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Wyoming prisoners will be able to get bachelor's degrees thanks to a federal program

Long distance shot from the road of Wyoming State Penitentiary in Rawlins. White buildings can be seen in the distance over scrub land, with tall, flat hills in the background.
Courtesy of Stuart and Jen Robertson, CC BY-SA 2.0, wikimedia
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Wyoming State Penitentiary in Rawlins is the state's maximum security prison for men.

Research shows that receiving a college education behind bars dramatically reduces a prisoner's chances of winding up in prison a second time. A new grant program will help Wyoming prisoners achieve that.

The University of Wyoming's Pathways from Prison program provides free college courses to Wyoming's inmates. It's funded by a hodge podge of grants, donations and volunteer time on the part of university professors.

Previously, the program has only been able to offer isolated, one-off courses. But that's changing. A federal program called the Second Chance Pell Grant Experiment has invited UW to participate. This means Wyoming prisoners can get federal money to pay for college while they're incarcerated.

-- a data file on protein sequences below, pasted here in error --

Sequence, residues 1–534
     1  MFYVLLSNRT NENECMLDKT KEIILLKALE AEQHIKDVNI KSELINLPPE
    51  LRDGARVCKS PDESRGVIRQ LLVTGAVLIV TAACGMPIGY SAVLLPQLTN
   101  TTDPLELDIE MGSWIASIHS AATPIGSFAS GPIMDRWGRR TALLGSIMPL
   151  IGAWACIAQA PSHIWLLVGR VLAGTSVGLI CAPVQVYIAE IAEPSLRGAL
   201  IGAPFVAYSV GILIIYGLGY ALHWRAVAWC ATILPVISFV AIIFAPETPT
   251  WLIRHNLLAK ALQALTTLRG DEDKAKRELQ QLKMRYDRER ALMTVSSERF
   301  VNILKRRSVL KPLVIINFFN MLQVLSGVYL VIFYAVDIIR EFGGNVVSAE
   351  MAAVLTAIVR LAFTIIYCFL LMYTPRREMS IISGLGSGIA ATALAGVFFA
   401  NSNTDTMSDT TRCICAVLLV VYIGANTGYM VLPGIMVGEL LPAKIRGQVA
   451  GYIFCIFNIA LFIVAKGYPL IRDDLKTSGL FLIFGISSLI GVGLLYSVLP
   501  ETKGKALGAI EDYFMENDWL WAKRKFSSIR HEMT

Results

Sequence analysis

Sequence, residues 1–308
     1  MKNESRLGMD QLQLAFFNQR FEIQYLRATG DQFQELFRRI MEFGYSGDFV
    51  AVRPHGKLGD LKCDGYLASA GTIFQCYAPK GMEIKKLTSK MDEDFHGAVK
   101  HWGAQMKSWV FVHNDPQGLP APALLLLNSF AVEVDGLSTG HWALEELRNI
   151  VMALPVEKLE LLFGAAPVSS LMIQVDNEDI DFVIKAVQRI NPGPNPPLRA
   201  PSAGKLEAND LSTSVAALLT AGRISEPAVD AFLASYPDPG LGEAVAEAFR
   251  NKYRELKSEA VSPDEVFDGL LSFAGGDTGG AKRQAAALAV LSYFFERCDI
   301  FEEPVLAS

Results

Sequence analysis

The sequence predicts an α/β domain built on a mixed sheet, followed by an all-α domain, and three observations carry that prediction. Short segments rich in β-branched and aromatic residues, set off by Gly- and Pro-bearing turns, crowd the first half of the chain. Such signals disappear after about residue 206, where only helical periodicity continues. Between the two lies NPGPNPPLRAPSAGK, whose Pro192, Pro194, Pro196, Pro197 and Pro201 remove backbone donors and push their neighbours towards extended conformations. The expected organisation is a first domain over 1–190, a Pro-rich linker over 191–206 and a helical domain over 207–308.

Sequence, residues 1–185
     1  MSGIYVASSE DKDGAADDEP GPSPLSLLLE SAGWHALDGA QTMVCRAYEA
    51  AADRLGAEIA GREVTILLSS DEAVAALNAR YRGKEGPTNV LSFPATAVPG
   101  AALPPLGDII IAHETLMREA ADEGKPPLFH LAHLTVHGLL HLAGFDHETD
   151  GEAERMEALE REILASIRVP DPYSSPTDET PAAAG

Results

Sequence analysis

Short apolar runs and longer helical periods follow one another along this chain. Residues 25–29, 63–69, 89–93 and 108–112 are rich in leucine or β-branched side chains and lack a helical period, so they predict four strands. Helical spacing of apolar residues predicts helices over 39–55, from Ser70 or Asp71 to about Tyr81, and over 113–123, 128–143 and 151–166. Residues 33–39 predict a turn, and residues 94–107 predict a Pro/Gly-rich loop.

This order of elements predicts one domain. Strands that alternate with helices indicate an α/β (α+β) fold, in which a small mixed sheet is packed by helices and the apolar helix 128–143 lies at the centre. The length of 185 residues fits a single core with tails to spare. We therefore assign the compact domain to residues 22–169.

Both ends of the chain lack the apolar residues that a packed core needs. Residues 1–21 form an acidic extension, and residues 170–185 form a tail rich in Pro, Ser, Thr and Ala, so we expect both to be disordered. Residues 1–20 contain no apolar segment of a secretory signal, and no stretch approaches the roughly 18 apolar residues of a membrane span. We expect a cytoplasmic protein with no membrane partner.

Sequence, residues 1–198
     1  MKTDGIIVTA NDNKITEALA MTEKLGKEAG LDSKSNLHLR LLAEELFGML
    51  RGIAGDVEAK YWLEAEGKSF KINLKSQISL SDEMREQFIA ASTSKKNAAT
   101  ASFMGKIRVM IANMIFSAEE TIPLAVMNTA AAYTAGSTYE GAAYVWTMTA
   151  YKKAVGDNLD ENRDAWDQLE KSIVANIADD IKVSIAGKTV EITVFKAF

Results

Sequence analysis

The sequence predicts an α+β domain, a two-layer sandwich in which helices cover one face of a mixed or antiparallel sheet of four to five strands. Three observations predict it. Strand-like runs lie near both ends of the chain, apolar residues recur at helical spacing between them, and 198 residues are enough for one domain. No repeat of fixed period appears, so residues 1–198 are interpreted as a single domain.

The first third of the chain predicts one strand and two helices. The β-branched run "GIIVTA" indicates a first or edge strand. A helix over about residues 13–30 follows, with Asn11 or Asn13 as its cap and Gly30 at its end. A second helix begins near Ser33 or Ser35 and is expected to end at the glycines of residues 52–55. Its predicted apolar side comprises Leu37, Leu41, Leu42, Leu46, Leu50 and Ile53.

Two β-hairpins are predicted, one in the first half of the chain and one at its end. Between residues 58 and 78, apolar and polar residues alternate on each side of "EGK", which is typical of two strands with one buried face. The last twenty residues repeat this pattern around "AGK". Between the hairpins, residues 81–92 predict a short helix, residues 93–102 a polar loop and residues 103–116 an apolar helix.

Pathways from Prison co-director Rob Colter said prisoners will now be able to earn four-year bachelor's degrees.

"Now we're going to be able to have a fully self-sustaining program," he said. "We're going to start by developing a cohort at the Wyoming's Women Center in Lusk and start providing the classes they need to be able to complete a four-year degree in about four-years. It's a huge quantum jump for what we’re able to do."

Inmates in Lusk might be able to start on those four-year degrees as early as this fall.

In the United States, the majority of incarcerated people will find themselves rearrested and reincarcerated. But research shows that prisoners who receive even just one college course behind bars are significantly less likely to wind up back in prison. Those who receive bachelor's degrees behind bars are even less likely.

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